Which Is Better: LLC Or LLP

Which is better: LLC or LLP? Many entrepreneurs ask this question when starting a small business. In some states, the differences between an LLC (Limited Liability Company) and an LLP (Limited Liability Partnership) don't mean much, while in other states, the regulations often have different requirements for those business owners seeking to set up one or the other.

When An LLC Is Better
An LLC is a flexible structure for a company that blends the legal and business aspects of a partnership with that of a corporation, creating advantages for the small business owner. It blends the liability protection of a corporation with the tax benefits and managerial flexibility of business partnerships. An LLC pays annual fees and files annual reports.

Unlike a corporation, an LLC can function without bylaws, minutes or set meetings. An LLC can be set up with as many "members" as desired. Because "partner" has a specific legal and business definition, those in an LLC are considered members. These members are not personally liable for any business debts, and profits go to each of the members.

Bottom Line: Starting a limited liability company is better for sole proprietors of small businesses or those interested in ownership but not necessarily management or operations.

When An LLP Is Better
A limited liability partnership is similar to an LLC in that the best of a corporation and a partnership is blended to get the most advantages for taxation and liability. It also blends the laws and regulations that apply to a partnership, as well as a corporation. When every investor chooses to be involved and active in the company, an LLP allows this to happen. Many professional groups form an LLP, such as a law firm or dental business. Accountants, architects and doctors may also find LLPs advantageous for their type of business-a group of professionals each with an interest in active management of the company.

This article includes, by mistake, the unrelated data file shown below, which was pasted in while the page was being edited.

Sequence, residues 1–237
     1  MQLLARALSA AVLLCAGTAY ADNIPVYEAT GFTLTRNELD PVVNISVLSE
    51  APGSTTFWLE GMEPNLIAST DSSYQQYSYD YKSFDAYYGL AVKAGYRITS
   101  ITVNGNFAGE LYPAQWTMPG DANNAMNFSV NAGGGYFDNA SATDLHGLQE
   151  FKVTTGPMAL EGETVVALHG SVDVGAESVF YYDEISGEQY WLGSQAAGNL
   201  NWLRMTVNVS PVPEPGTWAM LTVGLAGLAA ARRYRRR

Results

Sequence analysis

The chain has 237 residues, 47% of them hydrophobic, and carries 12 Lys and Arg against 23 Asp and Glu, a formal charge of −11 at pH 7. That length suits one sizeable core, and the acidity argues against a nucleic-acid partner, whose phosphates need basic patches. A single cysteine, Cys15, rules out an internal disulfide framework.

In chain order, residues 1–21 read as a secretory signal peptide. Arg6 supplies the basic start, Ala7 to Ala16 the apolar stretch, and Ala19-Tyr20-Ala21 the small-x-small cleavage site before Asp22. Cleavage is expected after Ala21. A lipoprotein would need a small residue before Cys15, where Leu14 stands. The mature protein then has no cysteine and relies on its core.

The liability aspect of an LLP differs from state to state. Some states regulate that members are not liable for any debts or obligations of the LLP, while others regulate that members are only exempt from another member's wrongful acts. On the other hand, all partners benefit when the company is profitable, as profits are split among the members. Liability insurance is mandatory for LLPs, and they are usually required to file annual reports and pay fees. LLPs are also structured to avoid double taxation-when the earnings of a corporation are taxed and then the shareholder dividends are taxed again.

Bottom Line: LLPs are better for a group of professionals (at least two) who plan on active participation in the company.

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So... you've started your own business or organization and now you want to learn how to go about incorporating it. This guide is intended to show you just how to do it, even if it involves incorporating yourself or your family.

An LLC, or "limited liability company," represents a business entity created by two parties, which means problems stemming from the business affect the business only and not the parties' personal assets.

What does LLP stand for, and how can it help your business? A limited liability partnership might be a good fit for your new enterprise because it protects partners from each other and helps cut down on taxes.

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